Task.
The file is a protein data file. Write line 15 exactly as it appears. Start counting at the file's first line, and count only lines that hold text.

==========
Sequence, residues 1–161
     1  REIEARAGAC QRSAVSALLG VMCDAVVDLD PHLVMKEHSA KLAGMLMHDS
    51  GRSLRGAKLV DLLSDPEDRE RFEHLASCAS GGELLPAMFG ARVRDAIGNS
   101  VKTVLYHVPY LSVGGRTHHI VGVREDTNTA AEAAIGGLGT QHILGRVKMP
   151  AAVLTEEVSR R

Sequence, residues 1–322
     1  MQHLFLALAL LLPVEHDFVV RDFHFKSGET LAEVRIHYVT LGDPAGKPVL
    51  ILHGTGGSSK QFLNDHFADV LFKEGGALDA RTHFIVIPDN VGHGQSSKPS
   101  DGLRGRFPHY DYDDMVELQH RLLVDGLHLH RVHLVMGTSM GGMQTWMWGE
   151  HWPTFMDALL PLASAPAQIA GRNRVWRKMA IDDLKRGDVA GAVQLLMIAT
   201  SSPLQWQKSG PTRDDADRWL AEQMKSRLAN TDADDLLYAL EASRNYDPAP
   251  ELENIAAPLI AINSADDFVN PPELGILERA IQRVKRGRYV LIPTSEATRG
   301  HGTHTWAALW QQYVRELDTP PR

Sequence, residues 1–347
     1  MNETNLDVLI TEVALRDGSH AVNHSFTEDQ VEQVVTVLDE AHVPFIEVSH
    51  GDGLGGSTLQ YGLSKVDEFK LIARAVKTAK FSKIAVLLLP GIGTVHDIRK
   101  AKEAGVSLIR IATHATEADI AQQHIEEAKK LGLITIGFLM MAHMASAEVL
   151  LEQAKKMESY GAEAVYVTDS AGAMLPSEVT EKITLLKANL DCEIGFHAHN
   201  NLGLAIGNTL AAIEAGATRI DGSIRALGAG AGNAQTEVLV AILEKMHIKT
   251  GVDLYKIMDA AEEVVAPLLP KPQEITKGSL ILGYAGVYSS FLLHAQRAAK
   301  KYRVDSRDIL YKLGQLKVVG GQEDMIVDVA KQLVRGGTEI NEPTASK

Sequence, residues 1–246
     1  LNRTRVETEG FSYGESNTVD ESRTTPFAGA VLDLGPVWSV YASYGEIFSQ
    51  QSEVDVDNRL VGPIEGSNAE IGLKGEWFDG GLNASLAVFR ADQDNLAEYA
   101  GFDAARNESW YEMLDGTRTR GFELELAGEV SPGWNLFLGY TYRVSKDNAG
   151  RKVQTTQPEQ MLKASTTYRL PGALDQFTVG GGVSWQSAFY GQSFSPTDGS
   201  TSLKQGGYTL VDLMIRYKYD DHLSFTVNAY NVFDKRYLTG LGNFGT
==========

     1  MNETNLDVLI TEVALRDGSH AVNHSFTEDQ VEQVVTVLDE AHVPFIEVSH